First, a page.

Assemblymember Anna Kelles and Senator Rachel May Announce New Legislation to Combat Harmful Algal Blooms in New York Waters

Assemblymember Anna Kelles (D-125th District) and Senator Rachel May (D-48th District) come together to protect the environment and New York’s precious freshwater resources with the Harmful Algal Bloom Monitoring and Prevention (HABMAP) Act (A8867/S8356). The bill will provide the state with a critical clearing house of data and strategic information related to harmful algal blooms (HABs), ensuring the health of residents and waters of New York. 

While HABS were once rare in the state, they have recently appeared in reservoirs, lakes, ponds, and coastal areas. In 2022, the DEC reported 1,053 HABS in 204 water bodies across the state, which likely understates the problem due to underreporting. HABs impede bodies of water for many purposes like recreation and industry, but most importantly, as sources of drinking water. New York has been one of the more proactive states in monitoring HABs on specific water bodies, but concerns remain that a comprehensive and coordinated State strategy is needed to monitor, identify causes, and take steps to more effectively prevent and mitigate HABs.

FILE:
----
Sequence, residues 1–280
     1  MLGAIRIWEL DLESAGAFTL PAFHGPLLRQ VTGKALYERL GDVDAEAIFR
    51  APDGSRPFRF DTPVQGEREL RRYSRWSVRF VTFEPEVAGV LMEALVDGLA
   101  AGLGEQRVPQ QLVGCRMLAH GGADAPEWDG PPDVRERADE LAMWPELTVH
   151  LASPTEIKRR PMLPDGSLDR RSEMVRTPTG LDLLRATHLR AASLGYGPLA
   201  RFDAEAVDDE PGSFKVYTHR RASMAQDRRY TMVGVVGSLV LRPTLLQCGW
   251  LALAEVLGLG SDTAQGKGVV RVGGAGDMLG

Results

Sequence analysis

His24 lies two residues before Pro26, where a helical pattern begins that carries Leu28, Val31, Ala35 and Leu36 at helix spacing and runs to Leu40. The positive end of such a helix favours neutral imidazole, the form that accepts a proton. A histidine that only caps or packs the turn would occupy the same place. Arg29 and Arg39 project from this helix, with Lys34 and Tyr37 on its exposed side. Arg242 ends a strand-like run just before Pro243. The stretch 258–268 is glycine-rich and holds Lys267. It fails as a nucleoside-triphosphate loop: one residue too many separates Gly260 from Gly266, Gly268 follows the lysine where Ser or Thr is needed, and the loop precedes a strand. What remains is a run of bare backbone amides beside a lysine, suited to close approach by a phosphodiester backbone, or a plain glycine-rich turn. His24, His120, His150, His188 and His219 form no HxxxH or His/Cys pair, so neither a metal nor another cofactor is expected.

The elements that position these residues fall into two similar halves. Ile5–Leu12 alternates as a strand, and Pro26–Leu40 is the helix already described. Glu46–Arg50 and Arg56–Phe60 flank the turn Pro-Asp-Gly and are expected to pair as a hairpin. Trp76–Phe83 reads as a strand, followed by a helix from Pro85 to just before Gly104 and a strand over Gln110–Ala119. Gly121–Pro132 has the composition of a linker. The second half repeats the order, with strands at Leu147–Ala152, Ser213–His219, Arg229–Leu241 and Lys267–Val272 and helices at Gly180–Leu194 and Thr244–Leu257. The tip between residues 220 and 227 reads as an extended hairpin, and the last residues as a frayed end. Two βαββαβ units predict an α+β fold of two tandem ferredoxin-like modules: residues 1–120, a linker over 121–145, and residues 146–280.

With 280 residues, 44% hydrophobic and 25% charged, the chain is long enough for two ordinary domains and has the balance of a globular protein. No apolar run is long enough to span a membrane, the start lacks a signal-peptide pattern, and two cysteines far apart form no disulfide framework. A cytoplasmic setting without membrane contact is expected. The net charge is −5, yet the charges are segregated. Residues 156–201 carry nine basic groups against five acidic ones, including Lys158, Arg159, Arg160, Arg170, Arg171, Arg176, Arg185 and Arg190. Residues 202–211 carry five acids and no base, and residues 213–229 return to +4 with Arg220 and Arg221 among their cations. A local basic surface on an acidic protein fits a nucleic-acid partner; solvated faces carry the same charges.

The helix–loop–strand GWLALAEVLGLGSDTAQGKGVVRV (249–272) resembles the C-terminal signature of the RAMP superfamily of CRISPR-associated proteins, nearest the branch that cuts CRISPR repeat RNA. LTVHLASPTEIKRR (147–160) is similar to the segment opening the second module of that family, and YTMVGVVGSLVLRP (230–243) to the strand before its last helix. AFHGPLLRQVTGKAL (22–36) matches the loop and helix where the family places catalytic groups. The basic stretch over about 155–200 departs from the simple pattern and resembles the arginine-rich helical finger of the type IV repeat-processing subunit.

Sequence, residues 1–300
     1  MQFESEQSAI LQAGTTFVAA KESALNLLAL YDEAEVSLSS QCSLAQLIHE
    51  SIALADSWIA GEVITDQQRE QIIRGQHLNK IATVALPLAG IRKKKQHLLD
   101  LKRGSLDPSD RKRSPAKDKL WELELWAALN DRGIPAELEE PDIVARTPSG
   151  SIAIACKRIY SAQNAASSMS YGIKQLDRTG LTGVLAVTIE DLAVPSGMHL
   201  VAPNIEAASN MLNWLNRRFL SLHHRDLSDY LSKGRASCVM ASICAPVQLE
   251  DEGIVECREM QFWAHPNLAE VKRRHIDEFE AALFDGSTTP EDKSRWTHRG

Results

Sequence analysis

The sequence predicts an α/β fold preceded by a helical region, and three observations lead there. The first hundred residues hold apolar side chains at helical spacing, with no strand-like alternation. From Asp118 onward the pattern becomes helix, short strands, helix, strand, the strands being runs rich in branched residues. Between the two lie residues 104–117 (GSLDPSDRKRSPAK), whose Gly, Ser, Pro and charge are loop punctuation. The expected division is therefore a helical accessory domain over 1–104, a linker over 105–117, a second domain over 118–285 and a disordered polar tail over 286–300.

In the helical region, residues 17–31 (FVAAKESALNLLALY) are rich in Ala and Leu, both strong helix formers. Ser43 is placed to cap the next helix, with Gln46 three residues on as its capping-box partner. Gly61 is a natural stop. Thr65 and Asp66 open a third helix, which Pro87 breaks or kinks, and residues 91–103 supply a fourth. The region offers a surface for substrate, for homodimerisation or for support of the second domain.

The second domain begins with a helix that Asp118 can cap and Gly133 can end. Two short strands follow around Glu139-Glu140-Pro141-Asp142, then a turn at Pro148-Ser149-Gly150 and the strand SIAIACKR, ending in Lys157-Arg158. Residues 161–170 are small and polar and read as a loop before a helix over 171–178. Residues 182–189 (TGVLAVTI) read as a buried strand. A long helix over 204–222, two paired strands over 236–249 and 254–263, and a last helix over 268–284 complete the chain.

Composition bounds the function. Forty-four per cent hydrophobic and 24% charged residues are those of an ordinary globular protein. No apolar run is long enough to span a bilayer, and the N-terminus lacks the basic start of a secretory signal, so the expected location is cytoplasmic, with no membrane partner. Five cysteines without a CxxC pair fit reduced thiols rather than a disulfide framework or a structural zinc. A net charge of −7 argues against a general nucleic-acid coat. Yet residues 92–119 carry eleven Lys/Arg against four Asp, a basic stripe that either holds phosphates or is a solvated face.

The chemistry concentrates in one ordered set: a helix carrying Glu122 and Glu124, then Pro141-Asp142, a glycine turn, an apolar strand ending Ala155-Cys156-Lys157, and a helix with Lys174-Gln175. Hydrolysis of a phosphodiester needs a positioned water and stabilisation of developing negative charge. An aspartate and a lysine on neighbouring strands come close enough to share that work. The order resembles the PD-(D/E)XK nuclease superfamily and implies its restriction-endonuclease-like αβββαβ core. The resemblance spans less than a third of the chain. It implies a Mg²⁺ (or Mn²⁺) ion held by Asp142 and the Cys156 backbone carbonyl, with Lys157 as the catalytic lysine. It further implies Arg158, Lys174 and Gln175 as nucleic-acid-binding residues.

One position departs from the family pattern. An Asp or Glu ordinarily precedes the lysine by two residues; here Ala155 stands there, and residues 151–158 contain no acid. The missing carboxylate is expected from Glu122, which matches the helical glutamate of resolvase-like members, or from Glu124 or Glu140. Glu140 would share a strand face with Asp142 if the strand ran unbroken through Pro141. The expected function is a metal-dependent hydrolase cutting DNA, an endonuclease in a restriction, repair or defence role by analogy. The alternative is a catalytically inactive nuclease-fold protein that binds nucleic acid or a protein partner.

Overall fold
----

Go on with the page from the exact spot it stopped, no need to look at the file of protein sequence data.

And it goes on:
For the first time in New York, the HABMAP Act will create a centralized resource for reporting and dealing with HABS, including potential and known causes, best practice interventions, expertise, and funding resources. The data and subsequent report will enable the state to effectively and efficiently administer a grant program supporting data-driven best practices in preventing and mitigating harmful algal blooms.

Assemblymember Anna Kelles stated, “Year after year we are seeing ever increasing harmful algal bloom (HABs) outbreaks across the state. Last year alone we had over a thousand outbreaks spanning almost every county in the state, including every Borough in NYC. HABs are not only are toxic to humans and animals and destructive to natural ecosystems, but for years, consistent summer-long outbreaks have been decimating the economy of many of our communities that depend on ecotourism dollars to support their local businesses. It is not enough to simply track and document the outbreaks. We need a comprehensive database of the outbreaks and the water quality conditions so that we can create effective and targeted strategies to intervene and prevent current and future outbreaks.” 

“Our state's freshwater resources are the envy of the world, but they are increasingly vulnerable to pollution and the effects of a warming climate. Every season, toxic algal blooms plague many New York lakes, causing a potentially dangerous situation for residents who depend on lakes for drinking water or use them for recreation,” said Senator Rachel May (D-Onondaga, Cayuga). “The HABMAP Act will help state and local governments understand, identify, and manage threats to our water while maintaining the high quality of life that residents, employers, recreational boaters, fishing enthusiasts, and tourists from around the world have come to expect.”